Kathriona Devereux: It’s tough being a teenager... even without the Covid factor

The full impact of the lockdown on teenagers will not be fully understood for years but behavioural scientists already understand that adolescence is a vulnerable time, so says Kathriona Devereux
Kathriona Devereux: It’s tough being a teenager... even without the Covid factor

GROWING UP FAST: Teenagers have enough to contend with — the stresses of lockdown can add to that. Picture posed by models

PUBERTY is a difficult stage of life at the best of times, but it must be particularly heightened during a pandemic.

Adolescence is when teenagers should be forging strong relationships with friends and starting to take steps away from the protection of family. Instead they have been forced to spend endless, monotonous days at home.

Much of the discussion surrounding the cancellation to the Leaving Cert has been about predictive grades and little about mental health and wellbeing.

The full impact of the lockdown on teenagers will not be fully understood for years but behavioural scientists already understand that adolescence is a vulnerable time.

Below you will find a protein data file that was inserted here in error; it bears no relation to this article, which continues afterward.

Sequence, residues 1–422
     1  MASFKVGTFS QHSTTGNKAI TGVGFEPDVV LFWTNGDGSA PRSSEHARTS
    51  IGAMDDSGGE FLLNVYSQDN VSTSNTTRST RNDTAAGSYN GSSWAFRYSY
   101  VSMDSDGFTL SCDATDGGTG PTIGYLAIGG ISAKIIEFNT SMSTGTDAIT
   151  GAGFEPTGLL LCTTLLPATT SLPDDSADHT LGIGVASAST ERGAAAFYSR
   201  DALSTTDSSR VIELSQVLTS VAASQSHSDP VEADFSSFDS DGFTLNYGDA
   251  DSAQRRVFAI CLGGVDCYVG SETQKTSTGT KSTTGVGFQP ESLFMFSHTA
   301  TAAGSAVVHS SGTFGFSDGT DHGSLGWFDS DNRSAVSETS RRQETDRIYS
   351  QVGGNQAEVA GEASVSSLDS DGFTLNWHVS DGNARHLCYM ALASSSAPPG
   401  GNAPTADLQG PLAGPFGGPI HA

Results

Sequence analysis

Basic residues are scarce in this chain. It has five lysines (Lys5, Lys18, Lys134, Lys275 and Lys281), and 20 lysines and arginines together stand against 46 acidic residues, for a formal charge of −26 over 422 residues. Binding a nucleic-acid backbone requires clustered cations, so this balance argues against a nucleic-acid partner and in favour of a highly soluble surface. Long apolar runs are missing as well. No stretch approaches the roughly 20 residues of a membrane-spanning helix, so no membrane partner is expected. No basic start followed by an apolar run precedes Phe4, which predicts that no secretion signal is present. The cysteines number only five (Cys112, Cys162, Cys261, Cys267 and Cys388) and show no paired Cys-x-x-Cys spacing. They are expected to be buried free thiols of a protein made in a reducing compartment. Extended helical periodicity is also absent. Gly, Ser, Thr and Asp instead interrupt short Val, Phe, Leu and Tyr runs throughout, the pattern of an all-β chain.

Three-quarters of mental health problems have onset by the age of 24 so teenagers need support and family members and teachers have a big influence on how they feel about themselves during puberty.

Hormonal shifts, intense physical growth and big psycho-social changes are all major factors responsible for the stereotypical moody, awkward, spotty teenager and understanding the ‘science of teenagers’ may increase our empathy for adolescents and what they are going through.

Puberty is a major developmental phase. Normal puberty is controlled by the pituitary gland — the master gland. A switch goes off in the gland that turns on the production of testosterone in the boys and oestrogen in girls and drives growth.

The first 18 months of a child’s life is the fastest period of growth in their body. Growth continues at about 5/6cm a year throughout childhood and doubles to about 10-12cm per year during puberty.

Puberty can last from eight months to three years and afterwards bones fuse and that roughly becomes a person’s final height.

Early onset or late onset of puberty can be upsetting for children. Early onset can be a problem because children miss out on vital years of steady childhood growth and can shoot up during early puberty but end up being shorter in their final height. For boys, late onset is particularly difficult because their friends could be six foot tall while he is still in the body of a child.

Teenagers find these massive changes in their bodies unsettling. Feelings of self-consciousness are understandable as they try to get to grips with their changing bodies. Clumsiness is as a result of a teenage brain trying to re-adjust to a new body.

Biology also changes the way teenagers look. How you look changes how people treat you, which in turn shapes your psychological state and how you feel you fit in the word.